West Seattle resident Russell Lundwall prepares for 100th birthday
By Lindsay Peyton
West Seattle resident Russell Lundwall is not one to argue with the old adage, “Behind every great man is a great woman.”
In fact, when revealing his secret to a long and happy life, the 99-year old credits three women.
“When people ask how I’ve stuck around this long, I tell them, ‘My mother, my wife and my daughter -- who were all extra special,’” he said.
Lundwall most likely inherited his spunk from his mother, who was born in Norway in 1887.
“She went to high school when women didn’t go to high school and worked when women didn’t work,” Lundwall said. “She was way ahead of the times.”
His mother moved to Minnesota with her first husband and ran a boarding house for miners in Chisholm. She then divorced and remarried Lundwall’s father, who was a policeman for U.S. Steel Company.
Lundwall was born on Nov. 4, 1916 when iron ore was king in Minnesota. He remembers the cold winters of his childhood, even one so brutal that the hard-working furnace couldn’t keep up and broke.
He enjoys telling stories about his first pair of glasses, when he was only 2-years old from a doctor stationed at his school – and his first job as a gandy dancer in an iron mine in Hibbing.
“At first, I couldn’t carry the tools from one worker to another,” he said. “By the end of four months, I could pick up anything I wanted and run with it.”
Lundwall recalls the first time he went to the Pacific Northwest. He rode a boxcar to Poulsbo to visit an uncle at age 16.
“I was with all the hobos, and there were hundreds of us riding in boxcars,” Lundwall said. “ Today, you’d be thrown in jail for that.”
That was not his first adventure on a boxcar. He had ridden the rails to Chicago the year before to see the World’s Fair. But the trip northwest was one that left a lasting impression.
Lundwall would return to Washington at the beginning of his career as a machinist – and was that place where he met his future wife Margaret, while riding a ferry to Poulsbo.
“We had about six years of correspondence,” he said.
The couple settled in Seattle, first moving to the University District. Lundwall had already worked as a machinist across the country, starting in his native Minnesota.
“When the war broke out, I was hired as a teacher for the Army Corps of Cadets,” he said. “They shipped me to Illinois.”
Lundwall was stationed there for a year, before he was sent to New Haven, Conn. and set up his classroom on one of the most prestigious college campuses in the nation.
“We used Yale facilities to teach the cadets what a machine shop could do for aircraft maintenance,” he said. “My best lie is that I taught at Yale. They didn’t hire me, they didn’t pay me, but I taught there.”
Three years later, the army offered Lundwall a position to move his class south. “I didn’t want to go, so I hired out as a machinist in Bridgeport, Conn,” he said. “ I knew trigonometry, which was absolutely necessary for the machine I was using. It was one of the fanciest machine shops in the world.”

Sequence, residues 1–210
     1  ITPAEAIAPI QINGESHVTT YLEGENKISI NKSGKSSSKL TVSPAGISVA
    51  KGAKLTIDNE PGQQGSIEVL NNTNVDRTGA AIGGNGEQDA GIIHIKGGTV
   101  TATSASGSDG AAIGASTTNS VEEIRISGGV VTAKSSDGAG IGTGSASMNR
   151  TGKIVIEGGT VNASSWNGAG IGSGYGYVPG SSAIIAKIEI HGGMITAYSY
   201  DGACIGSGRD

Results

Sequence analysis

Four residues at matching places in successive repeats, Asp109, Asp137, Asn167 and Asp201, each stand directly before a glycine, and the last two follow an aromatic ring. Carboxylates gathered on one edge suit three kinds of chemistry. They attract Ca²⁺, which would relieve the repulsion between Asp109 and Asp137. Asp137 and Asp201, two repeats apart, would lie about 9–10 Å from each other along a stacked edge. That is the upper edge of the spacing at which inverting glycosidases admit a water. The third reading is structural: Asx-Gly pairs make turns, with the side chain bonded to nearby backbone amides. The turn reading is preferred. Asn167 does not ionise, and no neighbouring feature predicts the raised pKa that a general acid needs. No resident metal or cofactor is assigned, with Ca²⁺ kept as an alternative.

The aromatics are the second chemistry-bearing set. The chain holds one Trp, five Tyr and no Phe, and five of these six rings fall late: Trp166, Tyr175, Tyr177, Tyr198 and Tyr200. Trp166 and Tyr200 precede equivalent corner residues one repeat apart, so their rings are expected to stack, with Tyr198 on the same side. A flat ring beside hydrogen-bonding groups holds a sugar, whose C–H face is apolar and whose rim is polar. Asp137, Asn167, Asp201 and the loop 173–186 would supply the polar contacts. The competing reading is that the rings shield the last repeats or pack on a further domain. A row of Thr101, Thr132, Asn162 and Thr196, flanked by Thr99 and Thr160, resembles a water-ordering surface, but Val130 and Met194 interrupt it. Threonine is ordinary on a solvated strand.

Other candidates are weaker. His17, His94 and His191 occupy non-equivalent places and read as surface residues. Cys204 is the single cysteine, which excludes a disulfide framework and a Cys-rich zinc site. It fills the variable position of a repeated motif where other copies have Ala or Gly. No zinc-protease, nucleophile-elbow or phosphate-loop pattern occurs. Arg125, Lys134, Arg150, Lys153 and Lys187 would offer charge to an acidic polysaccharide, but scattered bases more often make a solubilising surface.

His journey then took him back to Minnesota for a while, before he was hired to work as a machinist at Pearl Harbor. He also taught math there.
“Then I had a chance to return to what they called the ‘Big Island,’” Lundwall said. “I came back to the mainland and got married.”
He and Margaret were wed in 1946 and stayed together until her death in 2004. They had one daughter Maryann and two grandsons David and Daniel.
David currently lives with his grandfather.
Lundwall enjoys spending time in his home, which he built almost completely on his own in the mid-1950s. He even drew the plans for the building himself.
“My wife and I did half the work,” he said. “I worked on everything except the brick-laying and the plasterboard.”
Lundwall and Margaret moved into the home in 1954. They chose West Seattle, because his aunt had a home nearby.
“We visited a lot,” he said. “So when this lot three blocks away was available, we bought it and went to work.”
Lundwall said his mother was responsible for his ability to build the home. When he was 16 years old, his mother hired carpenters to enclose a stairwell on her duplex.
“There was one condition – that I would be their helper and work with them,” Lundwall said. “I learned how to swing a hammer.”
His next job was working alongside the carpenters as they tore down and rebuilt a garage.
“We built a two-car garage that’s still standing,” he said. “The house is gone – and I don’t know what happened to it. But the garage is still there.”
After moving to Seattle, Lundwall heard that Boeing was hiring – and was brought on board as an industrial engineer. He stayed in the position for 33 years.
Most of all, Lundwall is a testament to having a positive attitude. His advice to younger generations is simple enough.
“Enjoy what you’re doing – and do things that you enjoy,” he said.